Like I mentioned at the end of last weeks post, I moved away from HackTheBox this week and studied on the PentesterLab site. This is a relatively new service that focuses on web application penetration testing, providing a wide range of systems that can be used to practice exploiting specific vulnerabilities. With approximately 200 exercises currently available grouped into modules or badges, there is plenty of things to learn from the PentesterLab platform.
In the one week I used PentesterLab, I completed the 60 exercises that make up the Essential Badge. This is the largest badge on the platform, and is designed to be a crash-course of the most common web vulnerabilities.
The topics covered by the Essential Badge are as follows:
Server Side Request Forgery
Server Side Template Injection
As you can see, the Essential Badge covers a pretty exhaustive list of web application vulnerabilities. In my opinion, there are pros and cons to this. Having a wide range of vulnerabilities makes sense for what is an introductory badge, but at times the content does feel thinly spread. Some of the above categories only had a couple of exercises, and weren’t really enough to get a comprehensive understanding of that vulnerability. However, PentesterLab does have other modules to cover each of these in greater depth, so this isn’t really a criticism of the platform overall as opposed to this standalone badge itself.
PentesterLab also does a great job at diversifying the way it delivers its content. The main way to learn is through hands on exercises, but there is also written course content to describe the vulnerabilities and present different ways on how to exploit them. For those who sign up for a PRO account, there are also video tutorials available for every exercise. When used together, it makes it very easy to understand these complex, technical vulnerabilities. One small gripe I did have with the content is the general lack of consistency and polish that I expect from a paid service. The audio levels on the videos often fluctuate wildly, and the written course content is either far too detailed or not detailed enough. Furthermore, the user interface of the website can be fairly confusing, and I often had to hunt around the site to find the material I was looking for. However, the hands on, practical exercises are the main selling point of PentesterLab, and I cannot fault them for the way they’ve created these. All of the practical exercises work flawlessly, and even better they can all be completed directly within your browser – regardless of your operating system, browser choice or the selection of external tools you have available. For people like myself who prefer hands-on learning, these exercises alone are enough to consider giving PentesterLab a try.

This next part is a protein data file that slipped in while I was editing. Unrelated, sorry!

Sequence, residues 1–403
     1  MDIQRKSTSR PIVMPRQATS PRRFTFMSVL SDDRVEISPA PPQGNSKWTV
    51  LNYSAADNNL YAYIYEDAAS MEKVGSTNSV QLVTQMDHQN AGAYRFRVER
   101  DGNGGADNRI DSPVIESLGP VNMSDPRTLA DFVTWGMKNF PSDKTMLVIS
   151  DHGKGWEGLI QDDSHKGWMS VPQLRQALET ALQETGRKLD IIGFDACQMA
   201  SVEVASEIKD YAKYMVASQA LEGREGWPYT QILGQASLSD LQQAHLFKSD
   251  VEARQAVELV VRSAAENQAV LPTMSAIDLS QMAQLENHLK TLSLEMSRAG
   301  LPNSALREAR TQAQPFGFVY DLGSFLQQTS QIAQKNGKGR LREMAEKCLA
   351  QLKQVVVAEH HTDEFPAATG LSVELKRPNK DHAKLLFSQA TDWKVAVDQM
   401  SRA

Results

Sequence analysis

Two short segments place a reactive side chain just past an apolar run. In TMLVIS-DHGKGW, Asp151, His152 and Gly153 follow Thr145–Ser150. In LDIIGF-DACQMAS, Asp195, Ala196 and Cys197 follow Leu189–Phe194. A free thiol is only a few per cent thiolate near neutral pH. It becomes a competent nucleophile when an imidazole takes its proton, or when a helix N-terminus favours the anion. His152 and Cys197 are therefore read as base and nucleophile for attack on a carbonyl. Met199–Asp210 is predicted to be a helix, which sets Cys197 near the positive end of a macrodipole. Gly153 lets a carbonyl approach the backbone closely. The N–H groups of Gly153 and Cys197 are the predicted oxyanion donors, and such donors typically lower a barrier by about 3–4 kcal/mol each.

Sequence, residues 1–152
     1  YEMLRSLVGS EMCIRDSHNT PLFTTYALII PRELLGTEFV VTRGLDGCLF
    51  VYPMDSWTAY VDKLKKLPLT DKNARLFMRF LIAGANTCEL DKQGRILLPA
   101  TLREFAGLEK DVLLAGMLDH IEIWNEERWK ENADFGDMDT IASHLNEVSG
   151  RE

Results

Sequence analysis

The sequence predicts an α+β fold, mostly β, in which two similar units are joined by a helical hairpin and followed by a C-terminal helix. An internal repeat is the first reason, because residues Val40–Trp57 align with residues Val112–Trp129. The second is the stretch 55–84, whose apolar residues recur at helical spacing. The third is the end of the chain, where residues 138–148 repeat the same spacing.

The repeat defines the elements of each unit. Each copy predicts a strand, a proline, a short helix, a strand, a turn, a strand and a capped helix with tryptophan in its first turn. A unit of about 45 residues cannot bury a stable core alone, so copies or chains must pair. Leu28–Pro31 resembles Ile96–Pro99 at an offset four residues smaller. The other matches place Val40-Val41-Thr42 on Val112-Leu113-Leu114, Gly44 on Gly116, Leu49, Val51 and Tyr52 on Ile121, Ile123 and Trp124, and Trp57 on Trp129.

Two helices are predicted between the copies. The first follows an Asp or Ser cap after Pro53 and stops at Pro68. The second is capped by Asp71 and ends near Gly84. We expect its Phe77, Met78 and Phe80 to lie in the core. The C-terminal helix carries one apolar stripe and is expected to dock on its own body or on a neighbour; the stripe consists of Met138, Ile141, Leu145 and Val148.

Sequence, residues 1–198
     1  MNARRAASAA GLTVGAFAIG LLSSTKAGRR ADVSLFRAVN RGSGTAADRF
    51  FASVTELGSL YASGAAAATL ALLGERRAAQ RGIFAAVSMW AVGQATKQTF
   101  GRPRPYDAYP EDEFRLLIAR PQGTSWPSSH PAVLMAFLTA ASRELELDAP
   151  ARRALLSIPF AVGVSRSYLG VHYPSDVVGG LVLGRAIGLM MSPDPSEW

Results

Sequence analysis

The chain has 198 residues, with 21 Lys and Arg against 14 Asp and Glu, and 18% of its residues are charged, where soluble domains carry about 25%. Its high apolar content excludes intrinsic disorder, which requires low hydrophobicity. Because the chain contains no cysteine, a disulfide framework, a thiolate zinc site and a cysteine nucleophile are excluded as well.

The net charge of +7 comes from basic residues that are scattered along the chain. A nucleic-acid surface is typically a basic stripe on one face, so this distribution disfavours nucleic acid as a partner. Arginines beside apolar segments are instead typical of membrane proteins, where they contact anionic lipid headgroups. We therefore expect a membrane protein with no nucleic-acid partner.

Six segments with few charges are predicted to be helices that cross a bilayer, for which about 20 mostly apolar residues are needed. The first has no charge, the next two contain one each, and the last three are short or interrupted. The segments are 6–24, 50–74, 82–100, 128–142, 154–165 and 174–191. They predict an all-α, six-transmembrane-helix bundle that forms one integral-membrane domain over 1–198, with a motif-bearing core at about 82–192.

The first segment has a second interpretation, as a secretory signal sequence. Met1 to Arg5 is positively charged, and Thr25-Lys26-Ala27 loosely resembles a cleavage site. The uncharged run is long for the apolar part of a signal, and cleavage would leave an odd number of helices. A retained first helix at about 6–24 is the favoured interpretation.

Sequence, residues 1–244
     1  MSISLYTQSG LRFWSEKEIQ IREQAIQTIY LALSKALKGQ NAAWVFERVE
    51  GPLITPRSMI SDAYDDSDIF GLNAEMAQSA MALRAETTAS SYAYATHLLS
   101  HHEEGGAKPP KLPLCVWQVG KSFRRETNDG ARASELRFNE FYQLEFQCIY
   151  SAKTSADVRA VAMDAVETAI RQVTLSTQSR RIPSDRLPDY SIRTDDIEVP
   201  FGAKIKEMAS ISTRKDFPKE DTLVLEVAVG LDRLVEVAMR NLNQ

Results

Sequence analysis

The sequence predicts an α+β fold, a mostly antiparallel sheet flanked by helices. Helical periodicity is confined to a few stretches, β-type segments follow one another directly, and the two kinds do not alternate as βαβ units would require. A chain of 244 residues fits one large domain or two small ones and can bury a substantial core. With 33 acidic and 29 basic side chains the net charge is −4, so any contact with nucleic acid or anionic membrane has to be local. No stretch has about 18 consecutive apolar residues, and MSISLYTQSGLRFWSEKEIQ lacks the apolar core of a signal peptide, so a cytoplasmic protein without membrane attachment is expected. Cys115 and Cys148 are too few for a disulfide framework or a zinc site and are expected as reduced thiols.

With all that said, I ultimately wouldn’t recommend this for people chasing the OSCP certification. Web application penetration testing is only a small section of the course, and the content covered by PentesterLab is mostly out of scope. For anyone wanting to really improve on their web application testing skills, PentesterLab would be an amazing resource that you should definitely look into. But for me, I think I got enough out of the Essential Badge for now and I won’t be coming back to it until after I’ve passed the OSCP. Once I do though, I’ll most certainly be back to complete more badges and really improve my web application testing skills.
Thanks for reading,